Inverness hotel will close to customers after agreeing deal to house Ukrainian refugees

The Craigmonie Hotel in Inverness.
The Craigmonie Hotel in Inverness.

A major Inverness hotel will close to customers and be used to house Ukrainian refugees, it has emerged.

The Craigmonie Hotel on Annfield Road has agreed a contract to be exclusively used to help people fleeing the conflict.

It is not yet known how many refugees will live there.

But the hotel has 40 rooms and no other guests will be allowed to stay there while the deal is in place.

How long will refugees stay at the hotel?

The arrangement begins on September 5.

It is expected to last at least until the end of March 2023.

The hotel has seen a small backlash on Trip Advisor from customers who have had their bookings cancelled at short notice.

However, staff have been contacting prospective guests and finding them a different hotel.

Craigmonie general manager Niall MacLennan said the government scheme to welcome refugees has been embraced by its parent company Compass Hospitality.

Aberdeen has taken in about 1,000 Ukrainian refugees.

He said: “There are a multitude of reasons why we considered the contract.

“These people have been through a hell of a time. If we can offer them some sanctuary, I think we should.”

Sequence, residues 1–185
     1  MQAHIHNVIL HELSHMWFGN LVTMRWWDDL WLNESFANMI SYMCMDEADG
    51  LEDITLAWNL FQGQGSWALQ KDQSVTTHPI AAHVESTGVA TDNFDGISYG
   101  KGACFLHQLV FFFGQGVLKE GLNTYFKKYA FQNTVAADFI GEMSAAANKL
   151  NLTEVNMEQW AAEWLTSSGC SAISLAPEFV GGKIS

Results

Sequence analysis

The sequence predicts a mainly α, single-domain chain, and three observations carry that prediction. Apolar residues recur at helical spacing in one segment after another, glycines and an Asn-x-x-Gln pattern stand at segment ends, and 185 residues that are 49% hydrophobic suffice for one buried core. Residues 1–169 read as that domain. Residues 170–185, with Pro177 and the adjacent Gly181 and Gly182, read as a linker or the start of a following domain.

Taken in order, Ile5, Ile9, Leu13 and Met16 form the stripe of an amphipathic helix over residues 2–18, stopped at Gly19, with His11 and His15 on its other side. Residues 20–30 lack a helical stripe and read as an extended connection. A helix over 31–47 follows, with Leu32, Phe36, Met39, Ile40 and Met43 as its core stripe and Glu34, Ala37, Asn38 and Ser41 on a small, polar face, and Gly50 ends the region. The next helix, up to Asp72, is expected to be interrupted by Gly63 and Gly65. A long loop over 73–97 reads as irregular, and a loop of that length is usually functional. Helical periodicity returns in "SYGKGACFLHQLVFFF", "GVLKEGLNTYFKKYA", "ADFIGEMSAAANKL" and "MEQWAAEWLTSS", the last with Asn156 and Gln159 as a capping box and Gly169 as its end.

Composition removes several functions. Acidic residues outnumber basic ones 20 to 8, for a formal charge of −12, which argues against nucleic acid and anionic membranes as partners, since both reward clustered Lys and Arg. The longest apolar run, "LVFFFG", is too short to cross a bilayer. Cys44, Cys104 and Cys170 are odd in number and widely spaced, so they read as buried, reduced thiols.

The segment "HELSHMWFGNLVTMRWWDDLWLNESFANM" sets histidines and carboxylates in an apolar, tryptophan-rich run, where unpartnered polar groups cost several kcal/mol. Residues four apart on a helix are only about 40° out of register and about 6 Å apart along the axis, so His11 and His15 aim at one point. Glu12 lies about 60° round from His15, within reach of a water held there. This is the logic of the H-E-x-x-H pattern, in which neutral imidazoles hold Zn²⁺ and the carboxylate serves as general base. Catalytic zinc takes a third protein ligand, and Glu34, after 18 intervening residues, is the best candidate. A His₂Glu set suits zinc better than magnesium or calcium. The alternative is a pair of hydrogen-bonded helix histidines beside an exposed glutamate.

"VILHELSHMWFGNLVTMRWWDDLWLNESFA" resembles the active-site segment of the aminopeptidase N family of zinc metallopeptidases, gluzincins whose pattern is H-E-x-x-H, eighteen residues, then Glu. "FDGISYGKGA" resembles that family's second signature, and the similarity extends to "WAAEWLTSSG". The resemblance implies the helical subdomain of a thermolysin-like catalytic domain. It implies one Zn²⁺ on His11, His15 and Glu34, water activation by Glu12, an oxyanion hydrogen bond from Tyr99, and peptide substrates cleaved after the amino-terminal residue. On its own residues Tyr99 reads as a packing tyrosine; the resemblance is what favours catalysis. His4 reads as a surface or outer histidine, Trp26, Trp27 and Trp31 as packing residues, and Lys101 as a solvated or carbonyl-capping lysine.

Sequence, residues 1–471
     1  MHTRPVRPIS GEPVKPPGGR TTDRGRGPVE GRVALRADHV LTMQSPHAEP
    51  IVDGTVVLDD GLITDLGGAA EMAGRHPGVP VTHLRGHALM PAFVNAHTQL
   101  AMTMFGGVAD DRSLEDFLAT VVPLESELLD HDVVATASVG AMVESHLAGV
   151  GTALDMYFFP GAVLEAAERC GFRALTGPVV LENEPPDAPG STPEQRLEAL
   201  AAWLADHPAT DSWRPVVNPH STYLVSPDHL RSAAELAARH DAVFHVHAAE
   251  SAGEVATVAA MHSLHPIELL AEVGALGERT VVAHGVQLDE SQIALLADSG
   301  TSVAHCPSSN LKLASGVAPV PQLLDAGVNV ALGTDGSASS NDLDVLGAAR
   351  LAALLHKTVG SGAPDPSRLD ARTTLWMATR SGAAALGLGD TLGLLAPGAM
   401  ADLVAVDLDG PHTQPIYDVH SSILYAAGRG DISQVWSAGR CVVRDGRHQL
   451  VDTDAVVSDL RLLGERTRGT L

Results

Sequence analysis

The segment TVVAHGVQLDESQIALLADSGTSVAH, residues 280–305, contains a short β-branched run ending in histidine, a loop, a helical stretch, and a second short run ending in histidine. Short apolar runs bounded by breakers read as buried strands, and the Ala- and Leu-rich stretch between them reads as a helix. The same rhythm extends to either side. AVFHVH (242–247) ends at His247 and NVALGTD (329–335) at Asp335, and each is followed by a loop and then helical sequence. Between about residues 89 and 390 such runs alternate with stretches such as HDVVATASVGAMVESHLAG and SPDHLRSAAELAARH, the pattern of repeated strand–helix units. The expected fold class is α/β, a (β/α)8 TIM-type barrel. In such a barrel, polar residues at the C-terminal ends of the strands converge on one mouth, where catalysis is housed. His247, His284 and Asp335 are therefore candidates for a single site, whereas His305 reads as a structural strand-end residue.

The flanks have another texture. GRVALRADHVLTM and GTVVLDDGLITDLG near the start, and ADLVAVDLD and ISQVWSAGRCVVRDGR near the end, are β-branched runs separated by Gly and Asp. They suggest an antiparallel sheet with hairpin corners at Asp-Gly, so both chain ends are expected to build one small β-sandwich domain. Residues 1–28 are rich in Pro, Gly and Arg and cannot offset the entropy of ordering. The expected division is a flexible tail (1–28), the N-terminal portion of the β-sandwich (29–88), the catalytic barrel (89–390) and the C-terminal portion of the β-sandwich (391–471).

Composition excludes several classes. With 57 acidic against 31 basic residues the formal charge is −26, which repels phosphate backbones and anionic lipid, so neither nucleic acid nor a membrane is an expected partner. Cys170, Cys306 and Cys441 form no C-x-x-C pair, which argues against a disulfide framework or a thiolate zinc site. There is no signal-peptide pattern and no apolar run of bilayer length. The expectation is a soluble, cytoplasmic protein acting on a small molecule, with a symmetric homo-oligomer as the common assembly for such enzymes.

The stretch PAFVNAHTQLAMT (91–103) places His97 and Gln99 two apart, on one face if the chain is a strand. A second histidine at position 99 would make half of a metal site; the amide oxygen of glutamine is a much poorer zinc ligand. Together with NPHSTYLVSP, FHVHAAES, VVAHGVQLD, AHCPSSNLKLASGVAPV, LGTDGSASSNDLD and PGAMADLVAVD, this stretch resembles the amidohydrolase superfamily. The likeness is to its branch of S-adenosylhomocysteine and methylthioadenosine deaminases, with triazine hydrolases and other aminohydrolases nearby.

Will more refugees be headed to Inverness?

No jobs at the hotel are affected by the decision.

All staff are being kept on and no one will have their hours reduced.

The Department of Work and Pensions, along with the UK and Scottish Governments and Highland Council, will work closely with staff once the refugees arrive.

The Craigmonie is a well-known hotel that sits close to Inverness city centre.

In addition to its rooms, it also has two restaurants, a lounge bar and various function rooms.

Around 9,000 Ukrainian refugees have arrived in Scotland since war broke out in February.

The Scottish Government announced a three-month pause in its super sponsor scheme for refugees last month.

It took the decision after a recent increase in the number of visa applications.

Strong support for Ukrainian refugees in the Highlands

Highland Council debated the crisis in March and gave its unequivocal support to the people of Ukraine.

The discussion covered humanitarian support, support for refugees and support for staff, young people and those with families and friends involved in the crisis.

A support group, Highlands for Ukraine, was set up shortly after Russia’s invasion began.

Thomas Machnik and his Highland group have helped the refugee aid effort in Inverness. Picture by Sandy McCook

It has sent off van-loads of items to help the refugee effort in Poland.

Its shipment in April weighed seven tonnes and included more than 250,000 packs of nappies and thousands of bars of soap.

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